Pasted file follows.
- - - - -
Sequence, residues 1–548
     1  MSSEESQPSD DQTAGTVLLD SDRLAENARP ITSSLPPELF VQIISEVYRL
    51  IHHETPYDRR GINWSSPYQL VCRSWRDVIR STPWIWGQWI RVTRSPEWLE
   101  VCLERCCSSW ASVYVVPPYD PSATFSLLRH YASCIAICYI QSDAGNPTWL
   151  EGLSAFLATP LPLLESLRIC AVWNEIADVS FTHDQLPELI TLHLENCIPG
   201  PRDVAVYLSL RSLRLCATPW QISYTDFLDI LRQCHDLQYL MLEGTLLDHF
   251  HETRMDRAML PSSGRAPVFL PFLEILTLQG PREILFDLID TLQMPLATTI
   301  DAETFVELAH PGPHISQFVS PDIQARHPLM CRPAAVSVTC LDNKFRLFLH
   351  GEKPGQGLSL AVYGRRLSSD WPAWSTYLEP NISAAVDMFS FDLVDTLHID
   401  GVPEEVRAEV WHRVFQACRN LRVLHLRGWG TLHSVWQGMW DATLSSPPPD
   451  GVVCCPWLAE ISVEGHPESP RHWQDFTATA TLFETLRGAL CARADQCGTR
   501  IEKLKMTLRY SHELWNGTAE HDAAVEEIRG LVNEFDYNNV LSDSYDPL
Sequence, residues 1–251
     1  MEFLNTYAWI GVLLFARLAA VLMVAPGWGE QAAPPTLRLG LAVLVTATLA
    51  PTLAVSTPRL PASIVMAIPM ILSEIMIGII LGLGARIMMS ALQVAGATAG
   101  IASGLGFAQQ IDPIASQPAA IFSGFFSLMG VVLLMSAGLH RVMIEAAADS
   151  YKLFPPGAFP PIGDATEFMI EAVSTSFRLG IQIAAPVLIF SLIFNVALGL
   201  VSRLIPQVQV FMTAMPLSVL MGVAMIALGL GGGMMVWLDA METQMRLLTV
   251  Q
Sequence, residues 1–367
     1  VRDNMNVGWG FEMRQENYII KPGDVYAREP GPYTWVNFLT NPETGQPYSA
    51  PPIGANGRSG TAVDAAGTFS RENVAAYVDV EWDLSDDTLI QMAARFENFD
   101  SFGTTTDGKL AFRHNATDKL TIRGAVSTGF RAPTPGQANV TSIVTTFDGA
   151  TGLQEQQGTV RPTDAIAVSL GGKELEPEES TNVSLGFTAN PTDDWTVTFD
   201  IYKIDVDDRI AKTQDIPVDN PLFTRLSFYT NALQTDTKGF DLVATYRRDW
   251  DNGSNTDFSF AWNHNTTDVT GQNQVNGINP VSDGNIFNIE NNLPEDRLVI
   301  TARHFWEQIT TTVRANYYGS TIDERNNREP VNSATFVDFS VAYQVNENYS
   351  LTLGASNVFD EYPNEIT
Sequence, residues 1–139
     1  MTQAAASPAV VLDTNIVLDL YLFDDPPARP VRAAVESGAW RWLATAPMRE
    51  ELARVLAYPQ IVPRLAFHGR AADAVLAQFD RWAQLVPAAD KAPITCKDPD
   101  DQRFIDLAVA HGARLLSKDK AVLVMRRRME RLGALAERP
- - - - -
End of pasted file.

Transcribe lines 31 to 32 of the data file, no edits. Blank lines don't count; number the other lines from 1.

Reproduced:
    51  ELARVLAYPQ IVPRLAFHGR AADAVLAQFD RWAQLVPAAD KAPITCKDPD
   101  DQRFIDLAVA HGARLLSKDK AVLVMRRRME RLGALAERP